On Al Capone and you-know-who: What’s the appeal?

Capone following his arrest on a vagrancy charge in 1930.

Capone following his arrest on a vagrancy charge in 1930.

Yesterday, Bryan Burrough reviewed a new book about Al Capone in The Wall Street Journal.

The writer, himself an author of a popular book on criminals of that era, confessed he was somewhat at a loss to explain why Capone remains such a favorite subject of readers: “I’ve read my share of books devoted to his life and legend, and I must admit, his appeal eludes me.”

The best bit of the review was this paragraph:

The portrait that invariably emerges is of a rank outsider, a Brooklynite making his way as a “businessman” in Chicago, a grandiose bloviator handed much of his empire in his 20s by his mentor, the retiring Johnny Torrio. When Capone encounters difficulties, he whines about his persecution by the press and a legal system “rigged” against him. Half the country thinks him a monster; others view him as the common man’s champion. Wait: This is beginning to sound familiar. I guess this isn’t the first time I’ve underestimated the appeal of such a man….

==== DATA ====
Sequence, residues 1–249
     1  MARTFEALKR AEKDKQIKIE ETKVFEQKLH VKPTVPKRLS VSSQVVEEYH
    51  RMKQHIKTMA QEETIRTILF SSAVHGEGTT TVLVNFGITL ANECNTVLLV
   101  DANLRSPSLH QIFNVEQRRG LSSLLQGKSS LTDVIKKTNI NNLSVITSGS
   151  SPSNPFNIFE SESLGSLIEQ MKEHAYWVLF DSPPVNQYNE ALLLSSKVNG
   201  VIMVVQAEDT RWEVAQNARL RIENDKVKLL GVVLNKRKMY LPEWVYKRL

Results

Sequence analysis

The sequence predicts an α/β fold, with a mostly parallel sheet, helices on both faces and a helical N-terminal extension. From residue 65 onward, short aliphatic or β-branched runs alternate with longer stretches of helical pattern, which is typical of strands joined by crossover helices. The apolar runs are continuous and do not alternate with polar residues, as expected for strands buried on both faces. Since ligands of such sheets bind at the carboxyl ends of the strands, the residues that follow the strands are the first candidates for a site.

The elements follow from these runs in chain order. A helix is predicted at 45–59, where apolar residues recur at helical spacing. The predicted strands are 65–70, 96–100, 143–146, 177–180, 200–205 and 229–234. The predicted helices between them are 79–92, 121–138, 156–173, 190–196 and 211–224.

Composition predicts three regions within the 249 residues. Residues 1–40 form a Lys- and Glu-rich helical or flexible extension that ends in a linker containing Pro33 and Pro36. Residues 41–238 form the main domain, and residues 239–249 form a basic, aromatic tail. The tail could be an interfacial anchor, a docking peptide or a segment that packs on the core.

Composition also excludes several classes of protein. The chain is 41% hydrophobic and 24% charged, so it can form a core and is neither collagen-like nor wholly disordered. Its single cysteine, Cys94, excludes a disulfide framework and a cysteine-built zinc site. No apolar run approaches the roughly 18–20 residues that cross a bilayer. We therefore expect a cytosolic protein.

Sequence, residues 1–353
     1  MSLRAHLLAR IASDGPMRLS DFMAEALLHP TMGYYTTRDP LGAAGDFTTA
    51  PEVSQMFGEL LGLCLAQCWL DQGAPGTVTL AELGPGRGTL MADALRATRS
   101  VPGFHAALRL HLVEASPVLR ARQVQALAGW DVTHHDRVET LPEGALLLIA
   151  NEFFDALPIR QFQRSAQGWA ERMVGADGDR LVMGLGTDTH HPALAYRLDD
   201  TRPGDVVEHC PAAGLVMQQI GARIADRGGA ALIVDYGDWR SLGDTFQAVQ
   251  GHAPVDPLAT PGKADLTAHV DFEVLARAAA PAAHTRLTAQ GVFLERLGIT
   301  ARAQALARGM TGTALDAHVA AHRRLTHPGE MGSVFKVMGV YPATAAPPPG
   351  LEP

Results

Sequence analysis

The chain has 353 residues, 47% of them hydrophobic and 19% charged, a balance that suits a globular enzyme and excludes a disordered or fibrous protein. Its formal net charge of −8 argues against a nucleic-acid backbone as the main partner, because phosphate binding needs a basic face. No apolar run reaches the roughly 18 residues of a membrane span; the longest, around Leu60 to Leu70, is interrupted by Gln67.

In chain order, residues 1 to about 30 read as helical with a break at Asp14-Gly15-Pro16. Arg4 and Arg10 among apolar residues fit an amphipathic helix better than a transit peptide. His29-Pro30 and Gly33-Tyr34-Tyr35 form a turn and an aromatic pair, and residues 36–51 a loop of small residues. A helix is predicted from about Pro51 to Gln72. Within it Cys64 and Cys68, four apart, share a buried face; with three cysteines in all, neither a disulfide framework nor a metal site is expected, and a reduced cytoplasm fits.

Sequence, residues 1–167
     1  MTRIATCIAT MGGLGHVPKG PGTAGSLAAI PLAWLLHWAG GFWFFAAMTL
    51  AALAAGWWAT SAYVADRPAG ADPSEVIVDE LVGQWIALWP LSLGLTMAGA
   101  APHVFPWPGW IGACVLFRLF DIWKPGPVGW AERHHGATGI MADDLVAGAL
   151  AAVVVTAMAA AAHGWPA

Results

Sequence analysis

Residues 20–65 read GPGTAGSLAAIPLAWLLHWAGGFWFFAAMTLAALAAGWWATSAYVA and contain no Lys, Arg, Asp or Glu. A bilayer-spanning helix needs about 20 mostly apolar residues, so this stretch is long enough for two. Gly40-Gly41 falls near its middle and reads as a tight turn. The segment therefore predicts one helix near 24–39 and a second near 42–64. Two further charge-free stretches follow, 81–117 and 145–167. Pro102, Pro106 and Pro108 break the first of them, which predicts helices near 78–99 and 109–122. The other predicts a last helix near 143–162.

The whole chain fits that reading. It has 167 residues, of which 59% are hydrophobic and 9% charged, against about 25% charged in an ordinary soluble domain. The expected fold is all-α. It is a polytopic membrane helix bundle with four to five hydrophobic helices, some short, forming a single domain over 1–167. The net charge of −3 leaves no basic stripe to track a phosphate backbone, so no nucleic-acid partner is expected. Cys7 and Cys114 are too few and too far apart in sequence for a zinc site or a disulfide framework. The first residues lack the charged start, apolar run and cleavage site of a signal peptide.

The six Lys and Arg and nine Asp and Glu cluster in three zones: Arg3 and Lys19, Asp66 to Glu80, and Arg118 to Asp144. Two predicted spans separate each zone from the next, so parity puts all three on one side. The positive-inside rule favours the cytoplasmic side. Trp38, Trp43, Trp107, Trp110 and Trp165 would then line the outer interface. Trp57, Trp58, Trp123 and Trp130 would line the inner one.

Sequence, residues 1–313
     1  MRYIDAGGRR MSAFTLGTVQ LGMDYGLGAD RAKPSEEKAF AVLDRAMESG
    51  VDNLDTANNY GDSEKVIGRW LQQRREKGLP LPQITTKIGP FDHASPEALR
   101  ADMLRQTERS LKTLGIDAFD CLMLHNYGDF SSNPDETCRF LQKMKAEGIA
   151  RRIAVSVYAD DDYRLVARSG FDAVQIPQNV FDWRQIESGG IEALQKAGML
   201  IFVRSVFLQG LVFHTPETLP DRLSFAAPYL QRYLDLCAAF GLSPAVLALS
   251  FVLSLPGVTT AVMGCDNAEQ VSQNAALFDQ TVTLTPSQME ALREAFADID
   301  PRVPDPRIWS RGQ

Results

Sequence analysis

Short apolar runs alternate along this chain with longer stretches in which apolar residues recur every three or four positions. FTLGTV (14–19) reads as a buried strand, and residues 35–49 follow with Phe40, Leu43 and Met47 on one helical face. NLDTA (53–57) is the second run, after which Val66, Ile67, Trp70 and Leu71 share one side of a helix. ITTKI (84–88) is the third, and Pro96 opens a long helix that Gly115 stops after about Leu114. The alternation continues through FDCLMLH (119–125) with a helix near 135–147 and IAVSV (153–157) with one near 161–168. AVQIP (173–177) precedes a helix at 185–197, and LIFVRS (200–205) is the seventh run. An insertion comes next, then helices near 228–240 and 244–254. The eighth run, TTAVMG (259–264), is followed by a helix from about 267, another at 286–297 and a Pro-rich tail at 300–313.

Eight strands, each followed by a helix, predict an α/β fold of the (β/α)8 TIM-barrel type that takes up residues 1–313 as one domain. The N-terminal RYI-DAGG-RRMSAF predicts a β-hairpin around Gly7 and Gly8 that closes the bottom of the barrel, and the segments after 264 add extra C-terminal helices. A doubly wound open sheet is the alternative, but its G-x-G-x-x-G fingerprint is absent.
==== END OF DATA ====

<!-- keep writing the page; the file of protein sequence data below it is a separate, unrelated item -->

Yeah, I know the feeling.

No doubt there are a lot of voters out there — a lot more than most people had supposed — who would be interested in reading about such a man…

Capone's FBI rap sheet -- which seems oddly blank.

Capone’s FBI rap sheet — which seems oddly blank.

2 thoughts on “On Al Capone and you-know-who: What’s the appeal?

  1. Dave

    This isn’t particularly apropos of this, but thought I’d post it to get it out there. Trump’s election has produced a pretty marked change in the emphasis of the U.S. Catholic Bishops. They’ve declared December 12th (the Feast of Our Lady of Guadalupe) a day of prayer and solidarity with families of immigrants:

    There’s a chance, particularly with Francis’s appointments of new Bishops in the coming years, that the Catholic Church in the U.S. will become one of the main sources of resistance to much of the Trump agenda. Examples of this from Francis’s recent appointments include Bishop McElroy in San Diego, who states “For us, as the Catholic community of the United States, it is unthinkable that we will stand by while more than ten percent of our flock is ripped from our midst and deported”:

    and now-Cardinal Joe Tobin, who a day before the election said that when deciding who to vote for, Catholics should ask themselves re: the candidates “Are they calling us together or are they separating us?”


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